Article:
Malicious brain cell identified
Astrocytes—the star-shaped cells of our brain—are very busy. Their job description includes maintaining the blood-brain barrier, removing excess neurotransmitters, repairing brain tissue and more.
Their important role in brain function suggests astrocytes are also involved in disease. Scientists are particularly interested in uncovering how they may drive inflammation in the brain. Brain inflammation is linked to a host of mysterious and devastating diseases, including multiple sclerosis (MS), Alzheimer’s disease and mental illness. New treatments are urgently needed for these disorders.
Now, scientists at Sanford Burnham Prebys Medical Discovery Institute (SBP) have identified an astrocyte subpopulation as the dominant cell type to spring into action in vivo (in a living organism) in a neuroinflammatory disease setting. Their early activation inspired their new name: ieAstrocytes (immediate early astrocytes). The study published today in eNeuro.
“There is an urgent need for treatments of brain inflammation disorders that are involved in many diseases, including MS and Alzheimer’s disease,” says Jerold Chun, M.D., Ph.D., senior author of the paper and professor and senior vice president of Neuroscience Drug Discovery at SBP. “Developing therapies that prevent the formation of ieAstrocytes or reduce their activation levels in the brain could offer new approaches for treating neuroinflammatory and neurodegenerative diseases.”
The scientists identified the new type of astrocyte using an unbiased, fluorescent labeling technique to visualize the most active brain cells that express an activity-dependent transcription factor, cFos. Cells that were “turned on” glowed green, allowing the researchers to track activated cells over time and space. Applying this method to a mouse model of brain inflammation allowed visualization of which cells were activated as the disease progressed.
“We expected to see immune cells light up—but surprisingly, they weren’t activated. Neither were neurons or microglia,” says Chun. “ieAstrocytes were the first and predominant cells activated during disease initiation and progression, suggesting that they are a key gatekeeper and mediator of disease. This is a departure from our previous understanding that astrocytes are spectator cells, only ‘moving to the dark side’ once initial damage has occurred.”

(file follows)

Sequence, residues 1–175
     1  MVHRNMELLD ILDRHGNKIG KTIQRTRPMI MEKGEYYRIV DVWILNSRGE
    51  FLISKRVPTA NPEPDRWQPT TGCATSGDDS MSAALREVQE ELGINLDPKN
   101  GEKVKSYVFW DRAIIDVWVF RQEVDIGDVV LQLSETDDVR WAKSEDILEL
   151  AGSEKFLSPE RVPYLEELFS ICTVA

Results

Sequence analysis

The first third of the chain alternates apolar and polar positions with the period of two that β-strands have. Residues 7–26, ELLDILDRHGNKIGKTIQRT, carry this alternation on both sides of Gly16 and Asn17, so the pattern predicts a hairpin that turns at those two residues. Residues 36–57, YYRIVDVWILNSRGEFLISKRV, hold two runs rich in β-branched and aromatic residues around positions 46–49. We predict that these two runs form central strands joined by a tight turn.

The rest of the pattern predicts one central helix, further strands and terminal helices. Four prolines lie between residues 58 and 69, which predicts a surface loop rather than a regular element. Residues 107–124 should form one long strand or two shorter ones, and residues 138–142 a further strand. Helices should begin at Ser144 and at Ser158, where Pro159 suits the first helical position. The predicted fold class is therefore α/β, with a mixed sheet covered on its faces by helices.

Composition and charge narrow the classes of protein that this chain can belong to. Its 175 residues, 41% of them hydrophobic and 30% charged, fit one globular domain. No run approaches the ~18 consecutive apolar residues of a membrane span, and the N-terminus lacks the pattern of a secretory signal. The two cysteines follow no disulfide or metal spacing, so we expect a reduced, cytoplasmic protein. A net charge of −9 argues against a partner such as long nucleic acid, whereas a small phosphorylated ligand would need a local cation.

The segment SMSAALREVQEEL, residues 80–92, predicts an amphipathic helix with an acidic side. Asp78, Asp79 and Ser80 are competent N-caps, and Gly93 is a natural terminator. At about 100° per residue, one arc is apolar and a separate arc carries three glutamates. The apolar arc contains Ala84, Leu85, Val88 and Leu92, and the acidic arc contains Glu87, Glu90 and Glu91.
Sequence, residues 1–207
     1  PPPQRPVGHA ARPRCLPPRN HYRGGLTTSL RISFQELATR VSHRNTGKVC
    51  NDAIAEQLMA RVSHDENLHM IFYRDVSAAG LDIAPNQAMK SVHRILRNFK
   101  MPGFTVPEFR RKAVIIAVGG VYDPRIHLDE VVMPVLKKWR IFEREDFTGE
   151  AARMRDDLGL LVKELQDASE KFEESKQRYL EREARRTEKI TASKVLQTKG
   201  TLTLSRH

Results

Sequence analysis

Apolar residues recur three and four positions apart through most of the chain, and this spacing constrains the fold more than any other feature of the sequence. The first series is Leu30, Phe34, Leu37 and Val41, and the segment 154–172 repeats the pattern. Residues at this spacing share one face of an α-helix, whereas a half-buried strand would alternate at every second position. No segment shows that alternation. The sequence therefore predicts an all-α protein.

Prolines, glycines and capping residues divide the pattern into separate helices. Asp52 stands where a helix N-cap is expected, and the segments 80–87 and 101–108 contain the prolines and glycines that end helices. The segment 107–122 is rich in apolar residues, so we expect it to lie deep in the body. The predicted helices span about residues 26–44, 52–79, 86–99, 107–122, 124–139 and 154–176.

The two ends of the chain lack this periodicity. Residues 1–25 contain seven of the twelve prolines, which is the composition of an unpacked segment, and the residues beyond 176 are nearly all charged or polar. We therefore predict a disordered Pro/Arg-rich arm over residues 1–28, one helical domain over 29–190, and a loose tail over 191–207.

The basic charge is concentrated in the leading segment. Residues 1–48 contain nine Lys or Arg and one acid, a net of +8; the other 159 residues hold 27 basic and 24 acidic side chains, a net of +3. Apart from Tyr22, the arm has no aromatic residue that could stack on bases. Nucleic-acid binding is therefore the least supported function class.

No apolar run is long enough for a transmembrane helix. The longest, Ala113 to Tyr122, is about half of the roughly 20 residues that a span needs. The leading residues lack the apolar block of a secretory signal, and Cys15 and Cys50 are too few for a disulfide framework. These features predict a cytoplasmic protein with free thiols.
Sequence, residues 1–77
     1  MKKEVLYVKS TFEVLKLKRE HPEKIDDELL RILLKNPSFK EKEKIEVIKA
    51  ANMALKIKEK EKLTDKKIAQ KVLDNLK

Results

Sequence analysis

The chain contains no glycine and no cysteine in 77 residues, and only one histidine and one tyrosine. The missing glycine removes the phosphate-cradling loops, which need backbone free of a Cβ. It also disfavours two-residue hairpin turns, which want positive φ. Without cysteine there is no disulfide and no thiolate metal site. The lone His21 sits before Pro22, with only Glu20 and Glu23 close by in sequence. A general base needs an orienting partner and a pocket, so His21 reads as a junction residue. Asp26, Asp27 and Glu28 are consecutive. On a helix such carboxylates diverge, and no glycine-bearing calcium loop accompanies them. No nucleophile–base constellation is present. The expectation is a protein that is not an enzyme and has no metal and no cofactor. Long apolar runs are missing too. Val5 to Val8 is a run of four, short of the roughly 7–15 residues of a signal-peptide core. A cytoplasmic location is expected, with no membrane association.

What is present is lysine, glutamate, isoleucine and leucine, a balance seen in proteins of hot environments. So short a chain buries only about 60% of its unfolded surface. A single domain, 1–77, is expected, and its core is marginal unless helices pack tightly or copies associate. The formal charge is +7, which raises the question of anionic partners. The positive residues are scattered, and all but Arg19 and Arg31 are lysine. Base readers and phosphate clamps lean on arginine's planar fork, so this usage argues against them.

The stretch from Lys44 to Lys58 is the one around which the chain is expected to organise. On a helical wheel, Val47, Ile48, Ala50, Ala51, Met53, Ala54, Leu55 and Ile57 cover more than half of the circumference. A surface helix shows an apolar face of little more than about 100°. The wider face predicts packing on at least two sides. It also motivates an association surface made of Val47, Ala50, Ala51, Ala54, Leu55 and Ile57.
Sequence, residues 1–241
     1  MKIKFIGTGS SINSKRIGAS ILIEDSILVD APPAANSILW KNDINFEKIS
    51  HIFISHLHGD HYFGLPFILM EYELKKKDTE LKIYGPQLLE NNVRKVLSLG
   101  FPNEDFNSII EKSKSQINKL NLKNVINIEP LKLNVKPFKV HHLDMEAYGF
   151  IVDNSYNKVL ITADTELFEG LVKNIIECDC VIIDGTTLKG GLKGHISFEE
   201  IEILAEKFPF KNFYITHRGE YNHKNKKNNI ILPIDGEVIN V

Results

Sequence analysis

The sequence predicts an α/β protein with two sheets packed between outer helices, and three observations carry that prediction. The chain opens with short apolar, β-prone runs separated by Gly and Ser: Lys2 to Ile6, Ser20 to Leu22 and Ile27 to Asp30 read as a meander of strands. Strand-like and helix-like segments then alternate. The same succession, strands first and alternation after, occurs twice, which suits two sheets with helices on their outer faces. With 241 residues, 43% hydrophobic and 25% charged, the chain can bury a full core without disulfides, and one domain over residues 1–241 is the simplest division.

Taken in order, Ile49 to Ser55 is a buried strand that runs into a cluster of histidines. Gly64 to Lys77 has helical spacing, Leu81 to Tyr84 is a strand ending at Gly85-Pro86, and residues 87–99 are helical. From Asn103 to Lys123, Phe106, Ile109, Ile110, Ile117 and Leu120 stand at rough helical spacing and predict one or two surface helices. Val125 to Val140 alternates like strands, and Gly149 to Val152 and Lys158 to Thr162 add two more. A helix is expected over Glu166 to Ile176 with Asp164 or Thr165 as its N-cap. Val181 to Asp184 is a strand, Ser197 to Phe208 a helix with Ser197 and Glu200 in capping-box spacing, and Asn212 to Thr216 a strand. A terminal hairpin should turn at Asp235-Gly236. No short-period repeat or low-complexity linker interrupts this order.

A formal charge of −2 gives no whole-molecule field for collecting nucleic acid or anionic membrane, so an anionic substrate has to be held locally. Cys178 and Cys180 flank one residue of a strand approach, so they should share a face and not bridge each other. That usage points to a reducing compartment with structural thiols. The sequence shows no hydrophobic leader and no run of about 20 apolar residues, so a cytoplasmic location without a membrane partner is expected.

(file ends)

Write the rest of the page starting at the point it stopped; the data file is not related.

ieAstrocytes increased in number as brain inflammation progressed, indicating they play a key role in disease. Treating the brain cells in an in vivo experiment with a U.S. Food and Drug Administration (FDA)-approved drug for MS, GILENYA® (fingolimod), reduced ieAstrocyte formation, further implicating their role in disease and identifying direct brain effects of the drug.
“Greater understanding of ieAstrocytes could unlock more of the brain’s mysteries,” says Chun. “Defining these cells through their in vivo activity is an important first step, as it can help to guide therapeutic development using a readout that tracks with a brain disease.”
Chun’s team is already working on their next step: characterizing these astrocytes at the molecular level, particularly the specific genes that are activated.
Co-first authors of the study are Aran Groves, M.D., Ph.D., now a resident pediatric physician at UCLA; Yasuyuki Kihara, Ph.D., research assistant professor at SBP; and Deepa Jonnalagadda, Ph.D., postdoctoral associate at SBP. Additional co-authors include: Richard Rivera and Grace Kennedy, SBP; and Mark Mayford, UC San Diego. The study’s DOI is 10.1523/ENEURO.0239-18.2018.
Research reported in this press release was supported by a grant from Novartis; National Institutes of Health (NIH) grants NS084398, DA019674 and R01NS10394; and fellowship support from the Uehara Memorial Foundation, the Kanae Foundation for the Promotion of Medical Science, Mochida Memorial Foundation for Medical and Pharmaceutical Research, and the Human Frontier Science Program. Groves was supported by the Medical Scientist Training Program and Pharmacology Training Grant at the University of California, San Diego (T32GM007752). The content is solely the responsibility of the authors and does not necessarily represent the official views of the NIH.
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